Fraud in the advertising sector is nothing new, but awareness is on the rise. According to a new study in the first quarter of 2018, mobile marketers were exposed to over USD$700m (£527.4m) in ad fraud, with another suggesting that advertisers are wasting up to USD$1.28m (£964k) per day. Despite it being on the rise, digital advertising is wide open to abuse. In this piece for ExchangeWire, Chris Liversidge (pictured below), Managing Director, QueryClick, explains that it’s not just advertisers that are facing the consequences, publishers are also at risk. After all, they are on the frontline in the battle against fraud.
Many publishers have spoken out against fraud. Earlier this year, The Financial Times became the latest. It alerted advertisers to the fact it had found high levels of domain spoofing occurring against its site. This however, appears to be a worldwide epidemic. The warning from The FT follows that of the Wall Street Journal last year, which looked at traffic across thousands of its client sites, and found that a whopping 28% of the traffic displayed strong ‘nonhuman signals’, suggesting that it was the product of bots or click farms.
Last year, we also conducted a study, ‘The Programmatic Ad Fraud Transparency Report’, and found that only 40% of major advertisers are confident that more than half of their adverts placed online in the last 12 months have been seen by people, with just 7% saying they thought the proportion viewed by humans rather than bots was 80% or more – it paints a bleak picture doesn’t it?
Brands take action
It’s not surprising then that 41% of advertisers admitted to us that they have lost trust in programmatic advertising because of fraud. Many brands have pulled back their digital advertising spend due to these growing concerns. In March last year, a series of major brands including M&S, McDonald’s, Pepsi, and RBS, pulled ads from YouTube when they discovered their brand was featured next to offensive content. Similarly, at the end of last year, Diageo, the company behind some of the biggest names in alcoholic brands such as Smirnoff and Guinness, revealed it was pulling back ad spend in areas of digital media over concerns surrounding ad fraud, brand safety, and transparency.
So, what are the risks driving these actions?
Each year brands invest a significant amount of budget in digital advertising. In April this year, the Interactive Advertising Bureau (IAB) and PwC reported that the amount spent on digital advertising in 2017 hit a high of £11.5bn, a 14% rise on 2016 figures. Understandably, then, that ad fraud has caused unrest among marketers as their budgets are increasingly at risk. Even the best ads can’t perform if they are never seen.
The risks extend far beyond the huge financial losses, however. Incidents of ad fraud can harm a company’s brand image if their ads are caught next to negative, provocative, or even illegal, content such as terror-related activities, paedophilia, and incest. Our study found that 80% of brands are worried that their current online advertising processes could lead to their adverts appearing on web pages related to extremist views such as terror activities.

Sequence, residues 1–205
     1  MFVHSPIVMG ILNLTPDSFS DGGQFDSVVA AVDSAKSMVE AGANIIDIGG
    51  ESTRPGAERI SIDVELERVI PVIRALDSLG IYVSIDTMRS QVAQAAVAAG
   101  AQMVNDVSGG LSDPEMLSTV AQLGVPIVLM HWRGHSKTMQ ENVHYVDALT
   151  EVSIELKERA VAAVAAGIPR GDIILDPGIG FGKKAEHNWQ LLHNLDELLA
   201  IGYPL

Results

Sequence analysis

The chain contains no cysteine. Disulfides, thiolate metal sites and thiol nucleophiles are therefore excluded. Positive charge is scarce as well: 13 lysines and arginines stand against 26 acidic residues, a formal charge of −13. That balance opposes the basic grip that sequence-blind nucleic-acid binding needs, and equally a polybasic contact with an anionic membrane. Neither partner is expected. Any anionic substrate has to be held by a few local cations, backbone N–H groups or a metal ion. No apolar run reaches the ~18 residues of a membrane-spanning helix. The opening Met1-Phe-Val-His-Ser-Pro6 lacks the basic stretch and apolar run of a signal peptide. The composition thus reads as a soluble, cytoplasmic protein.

And it’s not just brands that are negatively affected either. For publishers, the impact is huge. A report published at the end of 2017 found that 16 global publishers, which included Business Insider, The New York Times and The Washington Post, are losing around USD$1.27bn (£856.8m) annually to ad fraud.
Industry bands together
When we asked advertisers how they think the industry can combat ad fraud, many called for independent trade bodies to be given more power to penalise those knowingly committing the bad acts. Eighty-five percent of advertisers said independent trade bodies, such as the IAB, should have more authority to monitor and penalise those knowingly committing ad fraud. If the latest developments are anything to go by, they may be getting their wish…
The World Federation of Advertisers (WFA) declared at its Global Marketer Week in Tokyo, Japan, which took place in May, that it would be releasing its ‘Global Media Charter’, consisting of eight ‘Principles for Partnership’, designed to address transparency, brand safety, ad fraud, and viewability. The WFA has the backing of some of the world’s top advertisers, including Procter & Gamble, Unilever, Mastercard, and Diageo, among others, who have a shared vision of developing a framework for a better digital ad ecosystem.
Similarly, more and more media companies are collaborating with The Joint Industry Committee for Web Standards in the UK and Ireland (JICWEBS), which was set up to tackle the issue of fraud in the advertising. Following its warning to advertisers that it had been targeted by fraud, The FT proved it had stepped up its game and was one of the first news organisations to adopt ads.txt, the Interactive Advertising Bureau Tech Lab’s tool created to help publishers combat ad fraud. As a result of its efforts, it was accredited by JICWEBS in March. The FT’s certification takes the list of companies certified for brand safety to 62, including YouTube, Google’s DoubleClick, Havas, Oath, and Vice UK.
To summarise, more regulation with teeth in the advertising sector is a step in the right direction and would be welcomed by both advertisers and publishers. Both groups are starting to call for a stampdown on the worst excesses, but what is really needed is oversight and authority over the bad actors. With major publishers taking firm action to combat fraud, we expect to see more collaboration between brands, publishers, and industry bodies. Brands using programmatic advertising should seek out independent, authoritative voices such as JICWEBS, the IAB, or independent digital marketing consultancies, who can form working groups to have their voice heard and guide them through a transparent approach.